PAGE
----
Wednesday, June 4, 2014

Somewhere, Andrew Johnson Is Thankful That He Is No Longer the Worst

Until perhaps now, the worst president in the history of the United States has to have been President Andrew Johnson.  No one else has managed to reach the same reverse Midas touch (everything he touches turns to name something foul and offensive) ineptness shown by Andrew Johnson . . . again, until perhaps now.

As a president, Johnson deserves his fate.  As a man, he deserves some slack.  The nation would have never elected Johnson to this office on his own merits.  He was an aggressive, sometimes drunken, angry man bearing not chips, but full grown redwood trees on his shoulders.  Johnson was useful as a Southern Democrat in the US Senate who hated secession and everyone associated with it.

Johnson tried to follow what he assumed Lincoln's policy would be.  But he lacked Lincoln's disarming diplomatic style.  His intellect paled in comparison, also.  Most importantly, Lincoln earned more political capital than any president since Washington by winning the Civil War.  He would have had to spend all of it and test his leadership abilities to their limit to implement his Reconstruction plan and make sure the South abided.  Johnson had no such capital and no such abilities.

His suspicious and angry nature alienated moderate Republicans who had been eager to assist and even defend him against Radicals who sought full punishment for the costs of secession.  The Democratic Party remained too tainted with the recent Rebellion to have given him substantial backing.

Johnson and Obama have many differences.  One grew up in rural poverty, the other in urban comfort.  But many similarities link them.  They both saw themselves as the moral center of events.  This created trouble for both because they could not understand that others may disagree for completely honest reasons.

Johnson, on Washington's Birthday no less, savaged his House Republican opponents.   He accused Thaddeus Stevens, among others, for preventing the reconciliation of the country.  "I do not intend to be bullied by my enemies!" he shouted.  Obama, too has played the morally righteous victim, attacked by unreasonable opponents.

Both men relied on shrinking circles of trusted advisers.  Obama has few, other than Valerie Jarrett, at this point after starting off with the capable Rahm Emmanuel and Robert Gibbs.  Johnson lost most of his Cabinet outside of the increasingly moderate secretary of state William Seward.  Seward had a relatively free hand and gave Johnson one of his few accomplishments, the purchase of Alaska.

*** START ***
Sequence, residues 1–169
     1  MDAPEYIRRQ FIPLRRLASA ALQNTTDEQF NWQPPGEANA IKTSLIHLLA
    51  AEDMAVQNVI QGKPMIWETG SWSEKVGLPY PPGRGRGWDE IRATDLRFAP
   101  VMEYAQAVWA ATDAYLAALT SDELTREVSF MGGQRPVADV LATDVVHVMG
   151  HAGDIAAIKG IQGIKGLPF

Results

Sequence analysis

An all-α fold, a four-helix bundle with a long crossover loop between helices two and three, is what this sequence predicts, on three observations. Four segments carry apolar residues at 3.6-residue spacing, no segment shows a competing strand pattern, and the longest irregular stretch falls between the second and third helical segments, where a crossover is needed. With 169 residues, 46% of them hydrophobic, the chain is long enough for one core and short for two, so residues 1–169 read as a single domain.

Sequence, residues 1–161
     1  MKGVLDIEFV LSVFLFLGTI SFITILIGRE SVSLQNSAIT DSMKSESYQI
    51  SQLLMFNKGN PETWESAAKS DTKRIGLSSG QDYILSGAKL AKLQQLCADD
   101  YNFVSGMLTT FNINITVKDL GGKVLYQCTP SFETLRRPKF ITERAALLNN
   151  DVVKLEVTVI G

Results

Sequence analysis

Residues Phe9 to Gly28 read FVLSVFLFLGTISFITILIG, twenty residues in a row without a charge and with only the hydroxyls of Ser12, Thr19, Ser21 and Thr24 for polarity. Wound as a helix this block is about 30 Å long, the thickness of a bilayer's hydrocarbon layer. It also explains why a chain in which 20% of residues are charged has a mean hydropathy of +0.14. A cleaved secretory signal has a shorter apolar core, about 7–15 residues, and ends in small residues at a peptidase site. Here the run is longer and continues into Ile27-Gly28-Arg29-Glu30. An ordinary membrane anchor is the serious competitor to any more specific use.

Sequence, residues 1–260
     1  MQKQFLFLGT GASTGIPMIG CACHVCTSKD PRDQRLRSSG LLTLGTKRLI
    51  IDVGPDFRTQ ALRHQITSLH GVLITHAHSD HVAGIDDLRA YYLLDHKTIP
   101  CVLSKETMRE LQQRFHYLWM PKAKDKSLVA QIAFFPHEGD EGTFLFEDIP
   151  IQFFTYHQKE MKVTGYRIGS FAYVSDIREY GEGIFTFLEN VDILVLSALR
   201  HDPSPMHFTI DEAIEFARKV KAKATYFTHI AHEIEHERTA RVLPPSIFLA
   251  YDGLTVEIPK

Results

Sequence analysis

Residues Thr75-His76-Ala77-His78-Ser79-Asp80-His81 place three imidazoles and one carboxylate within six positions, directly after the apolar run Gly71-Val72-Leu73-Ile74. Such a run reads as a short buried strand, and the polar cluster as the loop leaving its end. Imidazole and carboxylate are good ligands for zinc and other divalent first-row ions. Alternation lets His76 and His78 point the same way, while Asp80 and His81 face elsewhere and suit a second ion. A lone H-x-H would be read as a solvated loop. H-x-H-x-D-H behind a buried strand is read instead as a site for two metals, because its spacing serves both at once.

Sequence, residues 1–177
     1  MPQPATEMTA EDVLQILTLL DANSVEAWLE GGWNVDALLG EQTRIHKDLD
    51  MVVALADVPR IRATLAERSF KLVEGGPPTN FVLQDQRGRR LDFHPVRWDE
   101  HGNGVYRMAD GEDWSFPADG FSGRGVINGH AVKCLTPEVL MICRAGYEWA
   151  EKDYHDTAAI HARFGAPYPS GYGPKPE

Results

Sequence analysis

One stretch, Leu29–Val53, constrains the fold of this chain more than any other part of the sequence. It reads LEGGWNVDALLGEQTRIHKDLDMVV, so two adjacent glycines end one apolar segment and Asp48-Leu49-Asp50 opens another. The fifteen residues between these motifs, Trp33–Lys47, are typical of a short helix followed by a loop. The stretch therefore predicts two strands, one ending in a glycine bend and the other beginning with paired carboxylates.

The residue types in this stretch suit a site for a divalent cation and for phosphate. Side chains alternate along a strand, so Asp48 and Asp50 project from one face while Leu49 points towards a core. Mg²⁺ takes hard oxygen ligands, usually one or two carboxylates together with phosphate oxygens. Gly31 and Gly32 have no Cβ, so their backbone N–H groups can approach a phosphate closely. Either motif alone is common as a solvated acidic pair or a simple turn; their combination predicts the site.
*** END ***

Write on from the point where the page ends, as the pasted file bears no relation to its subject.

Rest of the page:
Johnson's political influence did not hit its nadir in fall of 1866, even though he invested two weeks into speeches backing Democratic candidates.  Those who allowed him to speak in their support found he was little help.  Radical Republicans won big in the midterms that year and the nation repudiated Johnson.  In 2014, most Democratic candidates avoid Obama.  Allison Grimes of Kentucky hopes to build support for her Senate race against Republican Mitch McConnell by attacking the president.

And both men broke the law.  Historians generally agree that the Tenure of Office Act was a trap laid out in the open by Republicans hoping to catch Johnson committing "high crimes and misdemeanors." they impeached, but failed to remove him.  The odium of violating the law and facing a Senate trial ended whatever influence Johnson had left.

Obama last week violated a more important federal law.  He turned five terrorist leaders and strategists back over to the enemy for a Marine who may have been at best a deserter, at worst a traitor. The law requires that any terrorists released from Guantanamo Bay come after consultation with Congress and 30 days for discussion. Obama failed to follow the law, then allowed his National Security Adviser to claim the enemy captured him on the battlefield, which was far from the case. The Taliban must know that if these men plan and execute an attack that harms Americans, that it will spark a Constitutional crisis and the likely impeachment of the president.

Democrats seem to have found their breaking point.  Senator Diane Feinstein was livid in her denunciation.  This comes on top of the Veterans' Affairs scandal and the War on Coal regulations that provoked open rebellion from Senator Joe Manchin and Congressman Nick Rahall.  Obamacare's many failures and burdens on working Americans already define his presidency. Clinton will try to separate herself from the president and his policy, but will not have much success.

Johnson with his flawed personality and good intentions sank his own presidency.   He failed in everything that he tried, but Andrew Johnson did not make the country substantially worse off than when he took office. Obama's values and beliefs have underlain every policy decision that he has made, foreign and domestic.  The utter wrongness of those ideas has put the nation and the world in a much worse position

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